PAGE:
Community Founders

daems.jpg

Rev. Edward Francis Daems
In 1851, Fr. Edward Daems, a Crosier priest from Belgium, joined other Crosier missionaries in Little Chute, Wisconsin. He wished to minister among Belgians and other Europeans who had emigrated in search of religious freedom and economic opportunity. In 1852 he moved to Bay Settlement on the Peninsula of Wisconsin. His talent as an educator, pastor, and healer, his missionary zeal, and his example in prayer became widely recognized. In addition to building Holy Cross Church at Bay Settlement he worked to erect 14 chapels in the vast territory that was his parish.

Recognizing that a common education and language would help unite the people who had recently emigrated from different countries, he built a one-room parish school in Bay Settlement in 1865. In need of teachers, he remembered two young women from his parish who had joined the Racine Dominican Sisters. So he appealed to the Dominican Community for Sisters to staff his school. The Dominican Prioress replied that Sisters were unavailable, so Father Daems invited the two women from his parish, Sister Christine Rousseau and Sister Pauline LaPlante, to return from Racine to Bay Settlement and assist him in his ministry. Several months later, the two were joined by another Racine Dominican, Sister Pius Doyle, joined them in February of 1868. Father Daems was a strong supporter of Catholic education as well as of the small new Community of Sisters ministering with him up to the time of his death on February 12, 1879.

rousseau.jpg

Sister Christine Rousseau
Sister Christine was 40 years old when she responded to Fr. Daems' invitation to return from Racine to Bay Settlement. Through her selfless service she helped him reach out to many sick and poor people. Father Daems appointed her as Superior of the Sisters, an office she held for 10 years. She also was Father Daems' good friend and beneficiary. Sister Christine had an intense drive to call forth Gospel living -- to know, love and live like Jesus. She died on March 29, 1900.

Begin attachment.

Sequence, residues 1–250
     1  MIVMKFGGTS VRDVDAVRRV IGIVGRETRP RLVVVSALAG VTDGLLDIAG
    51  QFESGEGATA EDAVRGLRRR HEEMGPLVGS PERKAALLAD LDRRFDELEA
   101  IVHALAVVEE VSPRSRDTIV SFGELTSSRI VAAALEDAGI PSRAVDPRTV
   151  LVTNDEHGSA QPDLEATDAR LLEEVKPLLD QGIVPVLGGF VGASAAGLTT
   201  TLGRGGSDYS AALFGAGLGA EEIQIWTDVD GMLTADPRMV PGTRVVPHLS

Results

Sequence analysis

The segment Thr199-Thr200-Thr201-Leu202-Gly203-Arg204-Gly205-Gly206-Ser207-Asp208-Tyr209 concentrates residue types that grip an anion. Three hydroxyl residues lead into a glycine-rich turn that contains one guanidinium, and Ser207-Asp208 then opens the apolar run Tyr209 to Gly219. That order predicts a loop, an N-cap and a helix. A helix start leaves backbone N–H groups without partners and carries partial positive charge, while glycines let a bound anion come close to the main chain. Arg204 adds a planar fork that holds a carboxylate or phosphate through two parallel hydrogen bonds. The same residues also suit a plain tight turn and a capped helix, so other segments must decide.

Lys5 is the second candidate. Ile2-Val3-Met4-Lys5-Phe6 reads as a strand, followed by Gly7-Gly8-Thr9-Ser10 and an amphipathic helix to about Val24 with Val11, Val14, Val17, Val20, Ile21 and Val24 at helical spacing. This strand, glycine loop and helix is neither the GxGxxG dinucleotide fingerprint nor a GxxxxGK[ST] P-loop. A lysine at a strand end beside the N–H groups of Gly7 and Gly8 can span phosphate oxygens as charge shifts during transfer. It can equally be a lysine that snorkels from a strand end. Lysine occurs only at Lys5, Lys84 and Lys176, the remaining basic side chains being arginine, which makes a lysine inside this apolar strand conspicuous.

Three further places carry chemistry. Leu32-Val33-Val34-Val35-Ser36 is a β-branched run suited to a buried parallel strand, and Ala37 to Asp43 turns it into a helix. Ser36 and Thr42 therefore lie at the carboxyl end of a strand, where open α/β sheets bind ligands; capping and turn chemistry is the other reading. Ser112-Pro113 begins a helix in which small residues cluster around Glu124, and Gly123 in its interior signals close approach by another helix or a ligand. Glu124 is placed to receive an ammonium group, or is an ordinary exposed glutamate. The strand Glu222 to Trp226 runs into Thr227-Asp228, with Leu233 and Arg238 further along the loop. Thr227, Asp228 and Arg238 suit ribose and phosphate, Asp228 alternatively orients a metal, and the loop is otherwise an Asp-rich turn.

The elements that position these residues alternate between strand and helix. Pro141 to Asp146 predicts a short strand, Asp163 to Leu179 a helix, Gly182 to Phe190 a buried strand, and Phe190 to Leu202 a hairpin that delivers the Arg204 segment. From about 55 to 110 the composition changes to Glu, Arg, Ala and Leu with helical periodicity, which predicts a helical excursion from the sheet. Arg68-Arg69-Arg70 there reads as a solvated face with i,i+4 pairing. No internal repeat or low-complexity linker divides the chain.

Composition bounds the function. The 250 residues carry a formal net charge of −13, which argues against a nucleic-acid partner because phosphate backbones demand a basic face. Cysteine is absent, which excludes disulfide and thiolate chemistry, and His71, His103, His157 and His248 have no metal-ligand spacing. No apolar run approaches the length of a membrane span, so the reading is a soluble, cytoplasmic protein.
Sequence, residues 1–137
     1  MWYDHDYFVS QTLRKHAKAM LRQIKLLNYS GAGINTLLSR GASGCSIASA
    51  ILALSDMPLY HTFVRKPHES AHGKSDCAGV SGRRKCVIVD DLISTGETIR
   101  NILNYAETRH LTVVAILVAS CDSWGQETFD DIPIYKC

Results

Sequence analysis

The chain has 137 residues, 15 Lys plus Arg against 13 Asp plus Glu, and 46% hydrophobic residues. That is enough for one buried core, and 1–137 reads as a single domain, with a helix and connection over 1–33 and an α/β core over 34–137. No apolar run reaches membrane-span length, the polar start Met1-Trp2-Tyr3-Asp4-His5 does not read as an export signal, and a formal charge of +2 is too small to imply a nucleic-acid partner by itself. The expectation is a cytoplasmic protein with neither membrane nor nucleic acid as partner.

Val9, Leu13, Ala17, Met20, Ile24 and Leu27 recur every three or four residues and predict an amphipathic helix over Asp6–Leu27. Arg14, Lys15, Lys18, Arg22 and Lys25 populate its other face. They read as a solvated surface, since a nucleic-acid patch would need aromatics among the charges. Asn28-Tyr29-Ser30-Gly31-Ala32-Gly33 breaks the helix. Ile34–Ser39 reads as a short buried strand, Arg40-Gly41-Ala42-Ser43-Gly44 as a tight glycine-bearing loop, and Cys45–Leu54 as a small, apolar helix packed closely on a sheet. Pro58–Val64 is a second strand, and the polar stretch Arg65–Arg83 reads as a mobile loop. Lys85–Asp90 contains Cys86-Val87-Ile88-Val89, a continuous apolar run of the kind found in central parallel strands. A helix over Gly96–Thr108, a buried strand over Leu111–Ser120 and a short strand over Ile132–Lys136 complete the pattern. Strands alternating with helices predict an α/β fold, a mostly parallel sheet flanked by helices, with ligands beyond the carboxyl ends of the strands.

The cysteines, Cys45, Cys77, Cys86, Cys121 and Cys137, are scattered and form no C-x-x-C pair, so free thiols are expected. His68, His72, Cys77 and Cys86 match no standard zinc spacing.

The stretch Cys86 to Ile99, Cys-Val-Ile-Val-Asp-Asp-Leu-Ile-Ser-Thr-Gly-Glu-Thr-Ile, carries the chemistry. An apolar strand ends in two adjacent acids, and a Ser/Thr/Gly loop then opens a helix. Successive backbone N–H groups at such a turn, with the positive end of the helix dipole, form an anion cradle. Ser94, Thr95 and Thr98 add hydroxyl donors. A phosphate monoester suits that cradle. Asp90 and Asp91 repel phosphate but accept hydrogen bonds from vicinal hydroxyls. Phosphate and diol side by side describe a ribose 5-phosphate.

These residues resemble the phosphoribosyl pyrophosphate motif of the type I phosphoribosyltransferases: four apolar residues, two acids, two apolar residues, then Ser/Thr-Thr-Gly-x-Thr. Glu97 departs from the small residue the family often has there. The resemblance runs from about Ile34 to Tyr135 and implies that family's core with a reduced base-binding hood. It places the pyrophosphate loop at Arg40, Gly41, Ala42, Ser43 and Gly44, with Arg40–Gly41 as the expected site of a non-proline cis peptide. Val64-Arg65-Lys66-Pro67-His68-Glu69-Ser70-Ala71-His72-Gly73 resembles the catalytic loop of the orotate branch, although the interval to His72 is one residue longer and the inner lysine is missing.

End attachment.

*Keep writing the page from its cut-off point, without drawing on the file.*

laplante.jpg

Sister Pauline LaPlante
Twenty years younger than her cousin Sister Christine, Sister Pauline was her faithful companion. She was a real missionary and did much good for the adults as well as for the children. Through her kindness and amiability she won back to the Church many who had left for one reason or other. She also visited and comforted the sick. She died on March 15, 1926.

doyle.jpg

Sister Mary Pius Doyle
Sister Mary Pius, a dedicated educator, was able to communicate with her students at Holy Cross School in several languages. An undaunted leader, she helped provide stability and direction to the newly formed Community of Sisters. From 1884 until 1893 she served as Superior. She died on Christmas Eve of 1911.

vanlanen.jpg

Sister Mary Immaculata Van Lanen
Also one of the founding members of the Community, Sister Mary Immaculata helped Sisters Pauline, Christine, and Pius while taking care of her aged father. She taught catechism to Dutch children in their native language and helped at the rectory. She suffered mental confusion as a result of the flu, and was hospitalized from 1891 until her death on March 5, 1921.

jennings.jpg

Sister Francis Jennings
A daughter of Holy Cross Parish, Sister Francis knew Father Daems personally. She entered our Community in the year after his death. The Sisters, recognizing her pioneering spirit and missionary zeal, put great trust in Sister Francis and elected her to leadership five times. With 15 years of her leadership, the community grew in membership, gained financial stability, and expanded its missionary service to increasing numbers of schools and parishes. Sister Francis had a lasting trust in God. Finally relieved of her duties as Mother Superior because of ill health, she died on December 17, 1908.